Profile: Keeping the peace
Paul Schott Stevens, president and CEO of the Investment Company Institute, reflects on the many crises faced during his time working in the US financial services industry, and explains why an appropriate framework of regulation will be so important moving forward
by Rosalie Starling
When Paul Schott Stevens graduated from Yale University in 1974 with a degree in literature and philosophy, he never dreamed he would come to play such an instrumental role in the US financial sector. But he has just completed his 13th year as president and CEO of the Investment Company Institute (ICI) – on 1 June – a role which has seen him undertake significant work on US financial policies and steer the organisation through periods of incredible difficulty and change.
Treading the path to successPaul started his professional career in the midst of a steep recession. Finding it hard to secure full-time work, he took a civil servant examination and was offered a role as a trainee personnel specialist in the US Navy. However, he soon made the decision to apply for law school, and “never looked back”. After completing a juris doctor degree at the University of Virginia in 1978, he spent the next few years practising law in Washington, DC, until, in 1985, he was offered a role at the White House, working as deputy director and general counsel for President Ronald Reagan’s Blue Ribbon Commission on Defense Management. “I’d gone from one of the lowest-ranking federal civil servants in the Navy to almost the top of the bureaucratic ranks,” says Paul.
The following period saw even more involvement in government, as well as national security affairs, until Paul made the decision to move into financial services – an industry that he had become deeply interested in. “Asset management and mutual funds, in particular, have very much been a thread through my professional life.” In 1993, Paul joined ICI as general counsel, where he served until 1997 before moving to Charles Schwab & Co. and then to law firm Dechert LLP’s financial services group. In 2004, Paul rejoined ICI – this time as its president.
“I was given great trust when I arrived at the Institute. We were in the midst of a crisis, with some members of the industry engaging in market timing and late trading, meaning we were very much under the gun.” While Paul’s background in law meant he had never managed an organisation of that size (170 employees) before, it also proved to be an invaluable source of wisdom. Being a voracious reader and fact collector, Paul has always been keen to learn from every opportunity that comes his way. While law practise helped him to develop a tremendous attention to detail, Paul’s stint at the White House provided a “front row seat” in how government works. This experience has helped him guide the Institute through a 13-year period of continuous challenge, including, three years into his term as president, the global financial crisis.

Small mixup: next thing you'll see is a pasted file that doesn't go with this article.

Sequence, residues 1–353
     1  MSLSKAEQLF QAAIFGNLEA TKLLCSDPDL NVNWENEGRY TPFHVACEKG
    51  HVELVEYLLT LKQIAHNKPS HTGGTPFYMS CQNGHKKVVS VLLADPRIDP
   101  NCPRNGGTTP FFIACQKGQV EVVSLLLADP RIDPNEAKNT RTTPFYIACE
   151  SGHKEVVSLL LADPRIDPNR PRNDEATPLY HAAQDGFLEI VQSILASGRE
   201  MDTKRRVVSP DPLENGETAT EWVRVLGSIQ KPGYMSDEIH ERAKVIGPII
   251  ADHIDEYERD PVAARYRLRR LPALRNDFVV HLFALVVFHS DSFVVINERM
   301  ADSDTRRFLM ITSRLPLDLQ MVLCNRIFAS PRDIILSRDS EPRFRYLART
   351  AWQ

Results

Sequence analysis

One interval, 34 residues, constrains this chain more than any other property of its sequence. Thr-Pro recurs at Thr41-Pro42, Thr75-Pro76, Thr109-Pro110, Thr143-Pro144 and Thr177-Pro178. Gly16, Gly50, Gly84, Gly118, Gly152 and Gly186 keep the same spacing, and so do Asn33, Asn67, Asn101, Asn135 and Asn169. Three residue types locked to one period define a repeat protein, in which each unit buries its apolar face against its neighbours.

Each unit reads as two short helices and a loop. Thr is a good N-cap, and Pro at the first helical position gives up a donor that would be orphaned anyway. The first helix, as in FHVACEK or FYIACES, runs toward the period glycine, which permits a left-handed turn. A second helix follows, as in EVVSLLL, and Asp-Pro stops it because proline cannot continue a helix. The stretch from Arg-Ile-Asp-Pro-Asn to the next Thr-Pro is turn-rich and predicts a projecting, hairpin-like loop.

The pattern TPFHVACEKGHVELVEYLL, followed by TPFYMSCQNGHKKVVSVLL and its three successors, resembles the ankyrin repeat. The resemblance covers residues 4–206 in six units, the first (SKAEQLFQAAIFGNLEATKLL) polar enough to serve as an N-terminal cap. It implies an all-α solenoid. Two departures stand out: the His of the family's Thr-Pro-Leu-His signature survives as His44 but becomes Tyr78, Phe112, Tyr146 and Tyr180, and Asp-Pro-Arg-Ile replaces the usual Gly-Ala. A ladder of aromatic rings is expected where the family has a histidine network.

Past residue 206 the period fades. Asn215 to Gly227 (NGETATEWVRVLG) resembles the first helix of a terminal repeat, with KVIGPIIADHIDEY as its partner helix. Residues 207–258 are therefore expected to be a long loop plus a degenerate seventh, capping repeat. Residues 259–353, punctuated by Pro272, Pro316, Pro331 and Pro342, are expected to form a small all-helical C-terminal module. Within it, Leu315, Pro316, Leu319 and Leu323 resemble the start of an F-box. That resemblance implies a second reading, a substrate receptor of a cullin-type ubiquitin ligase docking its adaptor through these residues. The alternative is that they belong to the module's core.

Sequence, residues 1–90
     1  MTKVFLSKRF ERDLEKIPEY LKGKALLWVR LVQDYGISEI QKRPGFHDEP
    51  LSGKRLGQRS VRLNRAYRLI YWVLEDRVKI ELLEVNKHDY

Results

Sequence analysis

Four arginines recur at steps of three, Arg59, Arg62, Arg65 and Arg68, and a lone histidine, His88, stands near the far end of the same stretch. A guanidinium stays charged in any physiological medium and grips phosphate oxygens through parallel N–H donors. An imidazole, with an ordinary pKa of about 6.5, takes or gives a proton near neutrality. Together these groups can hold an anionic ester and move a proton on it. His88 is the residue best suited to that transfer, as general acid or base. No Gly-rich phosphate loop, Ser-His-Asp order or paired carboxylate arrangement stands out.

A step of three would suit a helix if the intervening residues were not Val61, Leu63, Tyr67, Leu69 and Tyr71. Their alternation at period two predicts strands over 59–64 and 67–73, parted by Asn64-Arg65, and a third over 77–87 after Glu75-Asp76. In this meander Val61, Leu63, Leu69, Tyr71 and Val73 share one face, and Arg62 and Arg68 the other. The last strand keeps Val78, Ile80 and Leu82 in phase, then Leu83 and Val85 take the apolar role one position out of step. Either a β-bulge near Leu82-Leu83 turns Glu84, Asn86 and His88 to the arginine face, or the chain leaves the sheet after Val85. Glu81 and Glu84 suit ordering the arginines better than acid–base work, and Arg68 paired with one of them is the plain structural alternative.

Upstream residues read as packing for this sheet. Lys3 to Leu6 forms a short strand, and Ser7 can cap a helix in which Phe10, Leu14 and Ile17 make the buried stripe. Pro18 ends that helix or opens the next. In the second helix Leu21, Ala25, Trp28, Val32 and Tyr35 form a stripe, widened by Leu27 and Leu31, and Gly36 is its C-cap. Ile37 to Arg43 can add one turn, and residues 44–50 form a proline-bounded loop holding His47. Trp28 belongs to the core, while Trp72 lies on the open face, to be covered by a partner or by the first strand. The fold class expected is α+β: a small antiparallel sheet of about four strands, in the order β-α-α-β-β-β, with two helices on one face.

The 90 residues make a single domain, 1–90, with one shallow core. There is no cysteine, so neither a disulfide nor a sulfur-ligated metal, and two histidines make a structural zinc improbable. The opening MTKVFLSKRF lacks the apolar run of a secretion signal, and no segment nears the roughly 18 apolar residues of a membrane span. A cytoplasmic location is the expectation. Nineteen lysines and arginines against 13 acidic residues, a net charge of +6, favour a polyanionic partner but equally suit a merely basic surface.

A constant struggle“In August 2007, I got a call from the Securities and Exchange Commission (SEC) – it was a ‘Houston we have a problem’ moment,” he says. Issues with money markets and money market funds grew over time, eventually resulting in intervention by the US Treasury Department. Paul was heavily involved in the effort to collect insight from ICI’s members that helped to form regulation recommendations for the SEC – to ensure a crisis on this scale did not happen again. As a result, money market funds were the first part of the US financial system to be reformed during the crisis. “The Dodd-Frank Act doesn’t contain any provision directed to money market funds – I don’t think any other part of the US financial system can say the same thing.”
"As one billion people become members of a global middle class, for them funds will be just as key as they are for millions of Americans and Europeans today"
Since then, Paul has engaged closely with key domestic monetary issues, notably during periods where policymaking was affected due to the gridlock of “excessive partisanship” in Washington. “There was an inclination to flirt with a default of US Treasury securities by failing to extend the debt limit.” This is something Paul has spoken out very strongly against to ensure that discipline is maintained – both in relation to the status of US Treasury securities, and more broadly in balancing the budget and paying down the country’s indebtedness.
On the tax side, a major struggle has been preserving the incentives that American savers rely upon for their retirement – namely 401(k) plans. Around half of the money in 401(k) plans, or retirement accounts, is invested in mutual funds. “The deferral treatment is a very important and valued tool that people rely on, so defending it has been something we’ve been doing for years.” The new administration under Donald Trump recently announced the framework of its tax reforms, noting that it did not intend to disturb the treatment of retirement plan contributions.